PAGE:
Then the people of the land discouraged the people of Judah and made them afraid to build and bribed counselors against them to frustrate their purpose, all the days of Cyrus king of Persia, even until the reign of Darius king of Persia.”
 

And then, if you’ll just allow yourselves to drop all the way down to verse 24 just so we can catch a glimpse of where all of this is going.

“Then the work on the house of God that is in Jerusalem stopped, and it ceased until the second year of the reign of Darius king of Persia.”

Amen. May God add His blessing to the reading of His holy and inerrant Word.

And they returned from exile and rebuilt the temple in Jerusalem and they all lived happily ever after. Isn't that the way it's supposed to go? After all, they've had 70 years to think about this. Seventy years to contemplate what they would do if God would bring them back. The excitement, the encouragement that filled their hearts as they, 43,000 of them, returned to Jerusalem. Within a month, they’re building the altar of burnt offering, hold the Feast of Tabernacles in the fall of that year.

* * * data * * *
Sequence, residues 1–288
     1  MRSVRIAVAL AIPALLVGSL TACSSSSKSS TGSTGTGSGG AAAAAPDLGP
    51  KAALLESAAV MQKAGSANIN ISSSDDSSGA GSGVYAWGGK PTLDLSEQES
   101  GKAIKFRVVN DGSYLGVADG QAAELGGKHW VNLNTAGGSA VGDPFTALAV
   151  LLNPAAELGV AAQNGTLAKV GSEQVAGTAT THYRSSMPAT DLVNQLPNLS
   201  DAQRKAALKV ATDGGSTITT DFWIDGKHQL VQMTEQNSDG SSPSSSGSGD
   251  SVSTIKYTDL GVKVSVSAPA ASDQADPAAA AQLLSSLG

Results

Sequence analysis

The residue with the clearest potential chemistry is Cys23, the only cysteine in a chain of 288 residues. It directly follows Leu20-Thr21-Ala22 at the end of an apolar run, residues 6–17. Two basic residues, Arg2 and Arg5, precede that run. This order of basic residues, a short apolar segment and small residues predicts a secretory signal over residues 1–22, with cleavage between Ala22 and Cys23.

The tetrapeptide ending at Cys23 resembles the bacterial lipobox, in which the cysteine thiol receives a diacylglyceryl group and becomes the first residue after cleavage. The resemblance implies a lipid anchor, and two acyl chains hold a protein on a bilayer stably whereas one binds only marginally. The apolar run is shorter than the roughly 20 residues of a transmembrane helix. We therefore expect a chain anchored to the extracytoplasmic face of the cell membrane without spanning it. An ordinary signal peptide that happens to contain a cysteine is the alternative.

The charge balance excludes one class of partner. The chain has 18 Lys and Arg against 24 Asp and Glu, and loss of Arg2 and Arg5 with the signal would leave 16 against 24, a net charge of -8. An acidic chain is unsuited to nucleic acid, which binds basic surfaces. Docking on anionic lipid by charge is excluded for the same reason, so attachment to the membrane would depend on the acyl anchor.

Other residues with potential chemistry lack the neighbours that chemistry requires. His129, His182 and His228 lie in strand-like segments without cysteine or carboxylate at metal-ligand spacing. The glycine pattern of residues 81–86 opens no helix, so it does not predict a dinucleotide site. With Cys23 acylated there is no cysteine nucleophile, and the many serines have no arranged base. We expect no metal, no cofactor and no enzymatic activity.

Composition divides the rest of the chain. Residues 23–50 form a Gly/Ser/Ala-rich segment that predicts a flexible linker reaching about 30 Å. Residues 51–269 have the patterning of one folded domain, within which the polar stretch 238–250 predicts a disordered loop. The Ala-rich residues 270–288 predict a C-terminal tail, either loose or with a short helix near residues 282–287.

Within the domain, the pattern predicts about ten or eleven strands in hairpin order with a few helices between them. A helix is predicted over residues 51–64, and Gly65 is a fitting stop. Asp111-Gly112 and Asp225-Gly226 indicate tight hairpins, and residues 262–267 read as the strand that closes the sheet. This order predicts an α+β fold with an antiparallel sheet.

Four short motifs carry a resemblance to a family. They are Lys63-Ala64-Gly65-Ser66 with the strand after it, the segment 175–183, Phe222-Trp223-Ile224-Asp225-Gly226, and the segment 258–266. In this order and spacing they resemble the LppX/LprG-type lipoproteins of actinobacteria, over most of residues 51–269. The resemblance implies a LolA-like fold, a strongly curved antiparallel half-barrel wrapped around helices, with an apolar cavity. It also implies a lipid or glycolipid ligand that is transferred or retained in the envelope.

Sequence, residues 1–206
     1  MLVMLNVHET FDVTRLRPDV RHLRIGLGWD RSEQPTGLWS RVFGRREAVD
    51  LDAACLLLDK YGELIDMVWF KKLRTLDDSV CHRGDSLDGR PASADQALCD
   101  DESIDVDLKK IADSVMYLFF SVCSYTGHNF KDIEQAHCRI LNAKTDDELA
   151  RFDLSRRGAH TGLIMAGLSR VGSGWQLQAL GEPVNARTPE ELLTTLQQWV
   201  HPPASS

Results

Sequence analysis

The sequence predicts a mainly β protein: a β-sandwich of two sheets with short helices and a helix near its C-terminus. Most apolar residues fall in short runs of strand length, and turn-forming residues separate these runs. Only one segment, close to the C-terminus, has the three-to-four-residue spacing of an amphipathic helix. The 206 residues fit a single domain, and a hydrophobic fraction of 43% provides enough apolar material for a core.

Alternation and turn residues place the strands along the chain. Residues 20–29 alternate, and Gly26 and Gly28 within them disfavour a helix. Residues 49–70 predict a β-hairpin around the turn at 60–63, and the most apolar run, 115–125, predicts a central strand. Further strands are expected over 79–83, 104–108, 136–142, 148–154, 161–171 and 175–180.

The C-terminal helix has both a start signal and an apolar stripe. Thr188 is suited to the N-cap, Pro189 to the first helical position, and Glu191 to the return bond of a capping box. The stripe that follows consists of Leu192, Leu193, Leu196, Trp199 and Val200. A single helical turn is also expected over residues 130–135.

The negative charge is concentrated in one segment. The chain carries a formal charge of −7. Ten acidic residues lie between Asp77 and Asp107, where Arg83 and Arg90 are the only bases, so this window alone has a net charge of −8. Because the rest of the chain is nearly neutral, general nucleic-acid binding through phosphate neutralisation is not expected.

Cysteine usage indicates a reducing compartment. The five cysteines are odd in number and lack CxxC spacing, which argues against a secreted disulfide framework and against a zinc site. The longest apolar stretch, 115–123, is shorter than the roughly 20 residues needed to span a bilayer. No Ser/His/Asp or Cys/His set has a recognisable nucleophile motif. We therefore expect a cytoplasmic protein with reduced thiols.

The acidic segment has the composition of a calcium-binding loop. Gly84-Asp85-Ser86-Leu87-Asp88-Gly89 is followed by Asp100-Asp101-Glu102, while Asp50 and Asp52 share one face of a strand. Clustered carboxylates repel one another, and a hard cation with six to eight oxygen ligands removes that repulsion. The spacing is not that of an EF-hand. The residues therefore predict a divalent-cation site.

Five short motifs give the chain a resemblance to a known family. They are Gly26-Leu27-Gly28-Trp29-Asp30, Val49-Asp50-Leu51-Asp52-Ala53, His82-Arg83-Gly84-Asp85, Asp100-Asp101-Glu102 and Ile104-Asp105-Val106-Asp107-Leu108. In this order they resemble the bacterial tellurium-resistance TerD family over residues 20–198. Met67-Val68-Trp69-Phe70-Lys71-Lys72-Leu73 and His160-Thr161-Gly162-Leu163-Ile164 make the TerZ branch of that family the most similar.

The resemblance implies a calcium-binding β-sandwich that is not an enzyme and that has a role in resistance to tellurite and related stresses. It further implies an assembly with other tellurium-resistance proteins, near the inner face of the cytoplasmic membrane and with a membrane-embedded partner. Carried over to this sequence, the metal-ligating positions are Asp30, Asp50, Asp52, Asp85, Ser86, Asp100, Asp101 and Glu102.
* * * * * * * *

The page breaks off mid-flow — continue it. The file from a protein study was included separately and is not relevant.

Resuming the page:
Now it's six months later; it's springtime. It's April and the real work is beginning to rebuild the temple. Money has been sent up north to Phoenicia, Tyre, Sidon, where the trees are. That wood, the infrastructure necessary for rebuilding this temple, has been making its way to Jerusalem. They've had time to resettle. Some no doubt, needed time to know exactly where they were going to live, with whom they were going to live, what jobs they were going to do. Some of them had never lived in Jerusalem before.